5. Improving one’s understanding of stress and how it impacts morale at work.
  6. Reflecting on our own attitude towards mental health problems. If the attitude is a negative one, then we can take measures to change and improve.
  7. Allowing participants to learn possible interventions for workplace mental illnesses.

Did you check our Mental Health Courses?

The outcome of a good mental health training course should be to help management and their employees create a work environment where personal resilience is enhanced, and the comfort and safety of all employees are protected. This will enable the workforce to respond effectively to the challenges that arise while working, which in turn will enhance their confidence, allowing them to produce their very best.

Organisations often lose out on the expertise of capable workers due to mismanagement. Knowing what to do and how to manage the mental health of teams can be tricky. For most people suffering from mental health conditions, their last resort is often, sadly, a choice between a decline of their mental health or abandoning their jobs. Employers have a duty of care to their employees and investing in a course in mental health is the best way to secure the mental health of a workforce. The training should be practical and applicable so that the psychological safety and wellbeing of the whole organisation and its employees is enhanced. Good workplace mental health is good business and at the Workplace Mental Health Institute we want to help.

Author: Peter Diaz

Peter Diaz is the CEO of Workplace Mental Health Institute. He’s an author and accredited mental health social worker with senior management experience. Having recovered from his own experience of bipolar depression, Peter is passionate about assisting organisations to address workplace mental health issues in a compassionate yet results-focussed way. He’s also a Dad, Husband, Trekkie and Thinker.

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Develop-Resilience-at-Workplace

8 Tips On How To Develop Resilience For Surviving The Modern Workplace Mentally Healthy

One way to notice a well-adjusted and mentally healthy employee is through his or her resilience. By resilience we mean the ability individuals have to bounce back quickly and with a minimum of fuss. Resilient employees have the capacity to handle the strains of the contemporary workplace. This means that they can manage stress well without necessarily placing their jobs in jeopardy. Resilience is good for workplace mental health. It allows an individual to respond to the demands of life without succumbing to pressure. Resilience also allows employees to deal with the demands of their jobs especially if the job requires them to change their priorities often and regularly. The ability to cope with the stresses and adversities of work and daily life requires a change in attitude and thoughts. But, how do you do that? Here are a few ways that employees can develop resilience at work:

Develop-Resilience-at-Workplace

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  1. Create and appreciate positive relationships. By appreciating the existing social support you get at work, you become more able to develop positive relationships in the workplace. These positive relationships come in handy later when you need encouragement, which fosters your ability to cope and your resilience as a human being.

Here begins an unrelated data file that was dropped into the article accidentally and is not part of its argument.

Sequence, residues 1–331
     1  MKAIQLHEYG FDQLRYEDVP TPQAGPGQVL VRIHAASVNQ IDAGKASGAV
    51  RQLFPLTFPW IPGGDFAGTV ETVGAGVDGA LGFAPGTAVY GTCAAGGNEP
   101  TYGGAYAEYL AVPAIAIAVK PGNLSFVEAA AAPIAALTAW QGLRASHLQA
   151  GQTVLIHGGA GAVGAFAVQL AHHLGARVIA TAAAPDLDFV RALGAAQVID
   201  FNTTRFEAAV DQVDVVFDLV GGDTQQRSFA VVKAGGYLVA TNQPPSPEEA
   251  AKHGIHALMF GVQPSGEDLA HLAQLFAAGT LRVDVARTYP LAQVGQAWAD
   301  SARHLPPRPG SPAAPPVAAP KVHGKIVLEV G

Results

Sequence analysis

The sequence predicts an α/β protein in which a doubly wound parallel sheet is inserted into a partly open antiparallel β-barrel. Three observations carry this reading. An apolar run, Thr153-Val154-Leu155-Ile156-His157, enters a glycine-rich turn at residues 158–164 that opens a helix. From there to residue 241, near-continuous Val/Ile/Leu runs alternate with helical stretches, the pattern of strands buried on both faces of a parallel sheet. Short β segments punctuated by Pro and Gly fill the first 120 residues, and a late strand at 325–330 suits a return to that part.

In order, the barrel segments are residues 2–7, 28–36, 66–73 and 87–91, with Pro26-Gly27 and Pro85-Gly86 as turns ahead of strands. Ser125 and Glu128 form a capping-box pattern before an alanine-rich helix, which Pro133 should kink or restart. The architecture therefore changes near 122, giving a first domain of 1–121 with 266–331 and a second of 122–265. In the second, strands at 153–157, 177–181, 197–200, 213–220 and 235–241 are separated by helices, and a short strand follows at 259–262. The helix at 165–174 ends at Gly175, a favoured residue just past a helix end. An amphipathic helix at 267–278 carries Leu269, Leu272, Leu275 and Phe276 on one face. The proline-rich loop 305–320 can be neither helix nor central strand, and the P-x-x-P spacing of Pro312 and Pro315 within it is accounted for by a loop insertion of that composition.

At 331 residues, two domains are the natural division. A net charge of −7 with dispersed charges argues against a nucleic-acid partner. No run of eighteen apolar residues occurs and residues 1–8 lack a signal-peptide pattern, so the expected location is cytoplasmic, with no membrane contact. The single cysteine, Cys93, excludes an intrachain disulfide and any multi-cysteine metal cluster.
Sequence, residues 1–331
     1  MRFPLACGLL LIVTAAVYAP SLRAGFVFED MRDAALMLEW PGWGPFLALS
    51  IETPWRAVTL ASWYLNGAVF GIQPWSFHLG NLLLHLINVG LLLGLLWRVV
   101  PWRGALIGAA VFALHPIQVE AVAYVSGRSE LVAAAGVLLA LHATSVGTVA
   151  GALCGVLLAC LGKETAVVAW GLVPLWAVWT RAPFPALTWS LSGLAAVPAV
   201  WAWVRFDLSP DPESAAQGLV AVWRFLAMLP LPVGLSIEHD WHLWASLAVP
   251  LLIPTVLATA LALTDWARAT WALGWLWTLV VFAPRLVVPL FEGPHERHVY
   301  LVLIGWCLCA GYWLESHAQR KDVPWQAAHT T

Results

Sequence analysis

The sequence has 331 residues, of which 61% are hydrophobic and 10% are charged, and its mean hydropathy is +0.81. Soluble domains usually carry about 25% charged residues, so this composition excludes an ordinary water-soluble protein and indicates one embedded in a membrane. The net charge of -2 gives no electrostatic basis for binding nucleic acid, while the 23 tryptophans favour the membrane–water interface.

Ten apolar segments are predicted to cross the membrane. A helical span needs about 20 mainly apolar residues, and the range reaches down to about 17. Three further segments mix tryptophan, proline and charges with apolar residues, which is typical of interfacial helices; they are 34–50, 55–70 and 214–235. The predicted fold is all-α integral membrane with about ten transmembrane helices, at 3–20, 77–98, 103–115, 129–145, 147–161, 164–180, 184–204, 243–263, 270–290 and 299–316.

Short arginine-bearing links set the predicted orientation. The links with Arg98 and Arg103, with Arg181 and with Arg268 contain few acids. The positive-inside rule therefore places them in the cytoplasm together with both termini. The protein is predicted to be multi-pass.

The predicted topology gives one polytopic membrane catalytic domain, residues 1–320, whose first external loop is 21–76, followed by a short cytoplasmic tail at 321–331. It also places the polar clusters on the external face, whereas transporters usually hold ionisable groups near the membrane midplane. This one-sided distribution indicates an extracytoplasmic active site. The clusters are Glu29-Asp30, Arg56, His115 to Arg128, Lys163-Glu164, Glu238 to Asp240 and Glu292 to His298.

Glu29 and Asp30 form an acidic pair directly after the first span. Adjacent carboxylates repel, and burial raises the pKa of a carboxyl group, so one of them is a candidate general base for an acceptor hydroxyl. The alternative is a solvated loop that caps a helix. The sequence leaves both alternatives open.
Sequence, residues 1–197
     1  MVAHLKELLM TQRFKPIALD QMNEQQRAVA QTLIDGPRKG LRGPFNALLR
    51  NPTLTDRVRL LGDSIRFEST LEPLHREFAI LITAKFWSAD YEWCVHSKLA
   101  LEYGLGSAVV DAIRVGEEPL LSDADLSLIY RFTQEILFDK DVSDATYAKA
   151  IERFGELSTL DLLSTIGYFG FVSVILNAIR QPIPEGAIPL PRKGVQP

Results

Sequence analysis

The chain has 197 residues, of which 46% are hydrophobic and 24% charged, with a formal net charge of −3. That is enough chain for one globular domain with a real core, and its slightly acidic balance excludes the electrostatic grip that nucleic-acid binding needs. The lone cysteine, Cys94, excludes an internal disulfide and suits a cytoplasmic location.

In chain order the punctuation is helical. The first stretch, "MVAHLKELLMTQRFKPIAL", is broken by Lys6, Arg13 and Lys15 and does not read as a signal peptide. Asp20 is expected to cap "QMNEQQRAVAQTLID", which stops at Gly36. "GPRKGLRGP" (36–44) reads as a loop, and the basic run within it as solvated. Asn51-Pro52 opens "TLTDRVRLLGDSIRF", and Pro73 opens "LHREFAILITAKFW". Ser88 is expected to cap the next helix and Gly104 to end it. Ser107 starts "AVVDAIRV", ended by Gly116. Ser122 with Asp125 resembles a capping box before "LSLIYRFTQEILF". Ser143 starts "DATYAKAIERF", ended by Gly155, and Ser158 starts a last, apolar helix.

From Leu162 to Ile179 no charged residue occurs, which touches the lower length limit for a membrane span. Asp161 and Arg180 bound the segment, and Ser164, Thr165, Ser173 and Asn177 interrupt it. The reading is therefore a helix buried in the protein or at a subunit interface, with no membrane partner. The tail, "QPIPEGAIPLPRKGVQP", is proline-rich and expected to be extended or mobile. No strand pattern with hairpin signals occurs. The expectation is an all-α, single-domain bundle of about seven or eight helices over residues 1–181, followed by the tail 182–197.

2. Practice viewing obstacles as opportunities or challenges. What can you learn from this situation? Employees can learn to treat difficulties as a platform for learning rather than as an impediment to their careers. Developing the habit of transforming challenges into opportunities is an invaluable skill that leads to self-development, resilience and progress.
  3. Celebrate success, even small ones. Celebrating success and small victories every time they occur fosters resilience. Employees should carve out some time in their day to enjoy the highs in their careers. This trains employees brains to look for the positive and to look forward to possible future successes in their line of work rather than dwell on the negatives or difficulties of their job.
  4. Craft a plan. Developing viable and meaningful career objectives that have a sense of purpose for the individual allows employees to bridge work and other life goals. In this way, they are encouraged to develop resilience even in the heart of adversity as they are working towards a motivating personalised objective.
  5. Develop more confidence. Building levels of self-confidence allow employees to live in the knowledge that they are going to succeed eventually. Despite the drawbacks that may occur, confidence enables people to take risks in their personal life and their careers, which give them the energy to move forward in life.
  6. Learn to see things from a different angle. Resilient people know how to develop perspective, which enables them to understand that although a circumstance may seem overwhelming and impossible to maneuver now, it will not seem so later; ‘in the long run, it’ll all work out for the best’.
  7. Restructure your mind. Learning how to handle tough situations requires, at times, a complete restructuring of the mind. Bad days are inevitable, and learning how to react to them without blowing things out of proportion is part of being resilient.
  8. Be flexible. Flexibility enables resilient people to understand that things are never be constant. As such, being flexible allows people to shift and amend their goals at an appropriate, and healthy, speed.

Resilience is an invaluable skill to have in the workplace as it allows one to handle the difficulties that arise from working in a stressful environment. At the Workplace Mental Health Institute we take resilience very important. It’s a key protector of people’s mental health. Help your employees develop resilience and you immunize them from mental health problems.

Would you like to learn more? We run mental health courses on resilience. Our most popular course is the Building Resilience At Work. Check it out.

Author: Peter Diaz

Peter Diaz is the CEO of Workplace Mental Health Institute. He’s an author and accredited mental health social worker with senior management experience. Having recovered from his own experience of bipolar depression, Peter is passionate about assisting organisations to address workplace mental health issues in a compassionate yet results-focussed way. He’s also a Dad, Husband, Trekkie and Thinker.

Connect with Peter Diaz on:
Facebook-logo Podcast Icon LinkedIN-logo